Hot on the heels of last week's blockbuster opening of his latest Marvel entry Ant-Man and the Wasp, Peyton Reed is reminiscing about that time in the early 2000s he almost made a Fantastic Four film.
As fans of the MCU know, the comedy director's vision never came to fruition. After a year spent developing the movie, Reed (who once wrote Universal's Back to the Future ride) left the project in 2003 due to creative differences with 20th Century Fox, which ultimately tapped Tim Story to make what would become 2005's commercially successful but critically savaged Fantastic Four.
That comic book flick, which starred Jessica Alba and Chris Evans, who would later, of course, go on to play Captain America, earned a mere 27 percent on Rotten Tomatoes' Tomatometer and was followed by a middling sequel, Fantastic Four: Rise of the Silver Surfer that subsequently killed the franchise.
Now after the box office success of his two Ant-Man installments, Reed recounted for the AV Club a conversation he had with Avengers director Joss Whedon about his vision for the super squad.
"The basic idea for that [movie] – which felt exciting to me at the time, and I think part of the reason I said that to Joss – was creating a set of superheroes with no secret identities," the filmmaker said.
Reed elaborated that his take was adventurous for its time in that it would have shown Mister Fantastic, Invisible Woman, Human Torch, The Thing and their fictitious home base, the Baxter Building, as "part of the fabric of New York" just like the Statue of Liberty and the Empire State Building (Separately, he also told The Hollywood Reporter he had hoped to stage some major daytime fight sequences on Manhattan streets – another thing The Avengers ended up doing).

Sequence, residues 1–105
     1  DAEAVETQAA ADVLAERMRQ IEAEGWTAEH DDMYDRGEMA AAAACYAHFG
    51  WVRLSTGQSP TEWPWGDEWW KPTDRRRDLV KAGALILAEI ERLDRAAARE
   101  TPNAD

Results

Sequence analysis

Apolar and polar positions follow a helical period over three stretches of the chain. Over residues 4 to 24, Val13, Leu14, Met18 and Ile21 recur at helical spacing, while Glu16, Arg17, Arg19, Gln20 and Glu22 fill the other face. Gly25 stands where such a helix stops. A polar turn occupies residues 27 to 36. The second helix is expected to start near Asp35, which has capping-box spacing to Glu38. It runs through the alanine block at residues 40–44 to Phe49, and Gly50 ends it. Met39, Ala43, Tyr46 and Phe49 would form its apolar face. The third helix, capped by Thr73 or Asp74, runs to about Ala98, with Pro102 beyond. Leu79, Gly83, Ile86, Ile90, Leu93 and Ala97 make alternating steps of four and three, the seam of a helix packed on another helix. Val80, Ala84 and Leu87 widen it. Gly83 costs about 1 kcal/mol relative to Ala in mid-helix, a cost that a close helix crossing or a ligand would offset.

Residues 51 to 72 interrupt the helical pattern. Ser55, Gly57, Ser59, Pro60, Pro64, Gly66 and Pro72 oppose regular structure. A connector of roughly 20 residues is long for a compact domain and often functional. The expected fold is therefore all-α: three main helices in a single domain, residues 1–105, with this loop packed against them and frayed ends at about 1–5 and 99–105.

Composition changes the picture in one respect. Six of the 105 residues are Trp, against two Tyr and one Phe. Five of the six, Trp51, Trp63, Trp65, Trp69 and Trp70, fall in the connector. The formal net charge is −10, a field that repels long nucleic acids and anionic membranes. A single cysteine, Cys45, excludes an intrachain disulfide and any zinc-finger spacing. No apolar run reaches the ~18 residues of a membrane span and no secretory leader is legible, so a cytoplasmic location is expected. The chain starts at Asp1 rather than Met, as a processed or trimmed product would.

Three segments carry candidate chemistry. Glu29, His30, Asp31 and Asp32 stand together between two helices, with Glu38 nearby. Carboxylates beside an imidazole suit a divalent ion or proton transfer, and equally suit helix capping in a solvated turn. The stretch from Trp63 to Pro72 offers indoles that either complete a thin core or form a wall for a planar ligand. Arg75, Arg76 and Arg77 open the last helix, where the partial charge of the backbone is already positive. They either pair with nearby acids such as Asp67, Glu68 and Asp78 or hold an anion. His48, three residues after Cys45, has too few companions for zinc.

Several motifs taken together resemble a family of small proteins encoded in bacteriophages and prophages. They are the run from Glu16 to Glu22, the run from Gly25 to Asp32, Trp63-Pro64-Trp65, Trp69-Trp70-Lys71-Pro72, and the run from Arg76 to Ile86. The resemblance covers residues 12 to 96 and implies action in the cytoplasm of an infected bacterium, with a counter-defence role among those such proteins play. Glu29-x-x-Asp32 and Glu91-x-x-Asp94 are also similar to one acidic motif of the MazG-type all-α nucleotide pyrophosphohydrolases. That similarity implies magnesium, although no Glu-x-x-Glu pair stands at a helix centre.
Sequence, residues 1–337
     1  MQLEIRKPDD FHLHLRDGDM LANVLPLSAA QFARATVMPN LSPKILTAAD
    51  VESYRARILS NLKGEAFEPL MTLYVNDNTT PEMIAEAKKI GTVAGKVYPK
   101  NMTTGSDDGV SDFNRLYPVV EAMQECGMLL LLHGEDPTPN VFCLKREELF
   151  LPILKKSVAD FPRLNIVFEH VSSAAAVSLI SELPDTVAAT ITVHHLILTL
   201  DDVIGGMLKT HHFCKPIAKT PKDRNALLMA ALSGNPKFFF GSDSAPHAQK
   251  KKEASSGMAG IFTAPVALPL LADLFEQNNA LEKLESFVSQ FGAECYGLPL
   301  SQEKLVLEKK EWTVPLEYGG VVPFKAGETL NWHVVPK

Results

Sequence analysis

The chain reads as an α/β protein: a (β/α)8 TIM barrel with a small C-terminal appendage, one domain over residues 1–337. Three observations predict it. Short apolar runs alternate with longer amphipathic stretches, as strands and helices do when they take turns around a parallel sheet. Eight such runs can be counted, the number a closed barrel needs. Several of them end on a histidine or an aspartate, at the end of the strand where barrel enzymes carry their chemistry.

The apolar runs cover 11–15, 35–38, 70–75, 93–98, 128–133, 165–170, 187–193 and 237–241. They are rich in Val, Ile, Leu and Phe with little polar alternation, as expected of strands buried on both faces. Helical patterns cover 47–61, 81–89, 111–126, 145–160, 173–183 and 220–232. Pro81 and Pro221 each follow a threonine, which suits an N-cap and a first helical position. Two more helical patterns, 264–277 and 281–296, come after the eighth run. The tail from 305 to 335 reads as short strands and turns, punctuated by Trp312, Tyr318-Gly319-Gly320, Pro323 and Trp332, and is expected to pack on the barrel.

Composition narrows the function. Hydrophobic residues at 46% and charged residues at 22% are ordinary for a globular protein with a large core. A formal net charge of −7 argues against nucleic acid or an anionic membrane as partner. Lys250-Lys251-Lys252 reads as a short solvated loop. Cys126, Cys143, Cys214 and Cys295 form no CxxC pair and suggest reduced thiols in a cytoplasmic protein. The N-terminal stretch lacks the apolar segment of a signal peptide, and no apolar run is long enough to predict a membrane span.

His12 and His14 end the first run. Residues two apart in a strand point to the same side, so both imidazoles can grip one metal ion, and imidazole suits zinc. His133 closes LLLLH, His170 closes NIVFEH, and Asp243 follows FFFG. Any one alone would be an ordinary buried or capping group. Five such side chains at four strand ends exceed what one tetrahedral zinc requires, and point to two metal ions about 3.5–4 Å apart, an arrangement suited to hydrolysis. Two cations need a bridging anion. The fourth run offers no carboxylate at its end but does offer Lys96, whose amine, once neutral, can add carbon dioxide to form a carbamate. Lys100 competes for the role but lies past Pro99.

"These are things that really weren't done quite as much in 2003 and now they're kind of – they seem really passé," he added.
The helmer revealed he would have taken a different structural tact as well that wound up anticipating Whedon's approach to The Avengers.
"At one point we were toying with A Hard Day’s Night structure, where you skipped entirely over the origin stuff and just present them in full, Fantastic Four mode, but I have to say a lot of the stuff we talked about back then, you know, was Fantastic Four as dysfunctional family, and The Avengers did a great job of that," said Reed. "And there’s a lot of that DNA, I think, in the Ant-Man movies that really is about family, and heroes who have very intimate relationships with each other."
Perhaps after 2015's disastrous Fantastic Four reboot and with Disney potentially acquiring 20th Century Fox's film properties, including the fab four, Reed may yet try his luck putting a new spin on the story of Reed Richards, Ben Grimm, Johnny and Susan Storm after all.